Last night I woke up in the middle of the night in a sort of middle of the night panic. It was nothing really. I just remembered I hadn't posted June's 100 in 2013 and it's the middle of July. What that should tell you is two things: 1. I need a personal assistant because [s]he would never forget such things. 2. I am human.
It should also tell you a third thing which is that I didn't actually finish June's books until a week ago, and even then I didn't finish one of them entirely. But more on that in a bit.
Out of Africa by Isak Dinesen (or Karen von Blixen, whichever you prefer) has long been one of my favorite tales. It is beautiful writing from start to finish and it's been about six years since I first read it. Story aside, every sentence is pure poetry.
The Hole in Our Holiness by Kevin DeYoung. This is one of the books every month I mostly skim. The reason for that is simple: I read enough articles and blog posts saying similar things often enough. However, that said, I think it is still an important book particularly for the YRR movement and even more particularly for those who accuse the YRR movement of being lax in their pursuit of holiness. Within the context of grace and justification, DeYoung delves into sanctification and its implications on the Christian's growth.
Gilead by Marilynne Robinson will probably top the list of Most Memorable Books read this year (of which The Brothers K and The Meaning of Marriage hold sole positions thus far). I have heard about Robinson's writing for a year now and this book was like eating a perfectly ripe peach, drinking the finest wine, and sitting at the feet of a hundred ancestors. I have heard many say it was difficult to get into in the beginning, and I would agree, but give it 50 pages, please. You will not regret it.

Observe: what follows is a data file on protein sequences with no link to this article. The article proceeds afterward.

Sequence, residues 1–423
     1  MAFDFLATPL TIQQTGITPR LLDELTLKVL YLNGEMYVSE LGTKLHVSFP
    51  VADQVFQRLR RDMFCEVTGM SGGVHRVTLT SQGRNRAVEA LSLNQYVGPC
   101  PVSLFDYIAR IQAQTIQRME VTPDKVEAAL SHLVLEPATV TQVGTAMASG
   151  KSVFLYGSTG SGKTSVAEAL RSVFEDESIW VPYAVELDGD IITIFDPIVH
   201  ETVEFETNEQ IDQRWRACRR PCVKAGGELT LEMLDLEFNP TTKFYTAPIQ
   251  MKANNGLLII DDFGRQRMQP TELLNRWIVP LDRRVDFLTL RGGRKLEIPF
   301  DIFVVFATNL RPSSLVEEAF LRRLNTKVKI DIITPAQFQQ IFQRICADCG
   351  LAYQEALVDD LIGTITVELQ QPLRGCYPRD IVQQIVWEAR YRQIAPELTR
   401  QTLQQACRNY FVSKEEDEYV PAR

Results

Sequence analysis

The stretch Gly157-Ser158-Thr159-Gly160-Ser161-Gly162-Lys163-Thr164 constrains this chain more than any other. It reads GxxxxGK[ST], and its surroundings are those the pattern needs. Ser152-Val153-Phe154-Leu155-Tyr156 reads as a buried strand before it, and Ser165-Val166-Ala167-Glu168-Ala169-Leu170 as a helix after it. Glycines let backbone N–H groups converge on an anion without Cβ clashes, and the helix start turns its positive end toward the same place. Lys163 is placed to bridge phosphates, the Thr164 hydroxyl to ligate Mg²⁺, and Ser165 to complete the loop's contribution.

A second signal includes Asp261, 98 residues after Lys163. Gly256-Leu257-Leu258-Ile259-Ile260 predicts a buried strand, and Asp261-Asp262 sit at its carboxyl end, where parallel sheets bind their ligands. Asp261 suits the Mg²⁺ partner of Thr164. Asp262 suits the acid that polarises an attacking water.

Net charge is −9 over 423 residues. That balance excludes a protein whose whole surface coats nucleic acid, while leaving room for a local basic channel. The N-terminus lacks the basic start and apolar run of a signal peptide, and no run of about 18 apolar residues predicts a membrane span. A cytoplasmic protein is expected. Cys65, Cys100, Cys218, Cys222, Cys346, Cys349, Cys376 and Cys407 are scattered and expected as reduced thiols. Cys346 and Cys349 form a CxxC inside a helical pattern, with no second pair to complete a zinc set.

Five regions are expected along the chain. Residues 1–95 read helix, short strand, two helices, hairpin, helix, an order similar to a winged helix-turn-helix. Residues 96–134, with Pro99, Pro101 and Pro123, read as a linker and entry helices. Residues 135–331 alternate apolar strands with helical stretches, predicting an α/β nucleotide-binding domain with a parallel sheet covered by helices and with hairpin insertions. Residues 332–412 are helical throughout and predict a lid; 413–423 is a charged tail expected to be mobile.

The Art of the Commonplace by Wendell Berry. This is the aforementioned book that I did not finish in its entirety. It includes 21 of Berry's essays and each one is more spectacular than the one before (though, nothing, in my opinion, tops A Native Hill, which is my favorite essay of his). I read 16 of them before feeling like it would be best for me to set it aside for a few months. Part of the challenge of this 100 in 2013 has been the speed at which I'm reading and the inability to truly ingest fully. Berry deserves that and I aim to give it to him.
Notes from the Tilt a Whirl by N.D. Wilson. I wanted to love this book, I promise. I very much wanted to love it. Wilson is a fine wordsmith and I think there are many who will identify richly with this book, but I'll be honest, I had a hard time following his direction and even harder grasping some concrete ideas. This might be a book I revisit in a few months or years when I can give it more time.
Still by Lauren Winner. This is my second time through Winner's second memoir, this one sub-titled Notes on a Mid-Faith Crisis. I eagerly read her previous books and recommend them highly, but this one was hard for me yet again. The writing itself is lovely and the way she works through her faith in a somewhat disjointed and beautiful way is exactly what a faith-crisis ought to be, but her conclusions again left me sadly wanting.
Embracing Obscurity by Anonymous. I'm one of the suckers who bought this book simply to see if I could figure out who the author was by the writing style, I admit it. Conclusion: I have no idea who wrote it, except that they are probably associated with my associates. Who knows? It could be you. But that's missing the point, isn't it? The point is to embrace the unknownness we are so lax to embrace in a world of platforms and pulpits. Point taken. If this is a struggle for you, I recommend the book highly.
These are the last of the books to be packed for our upcoming move. You see how much I love you? I keep things unpacked for you.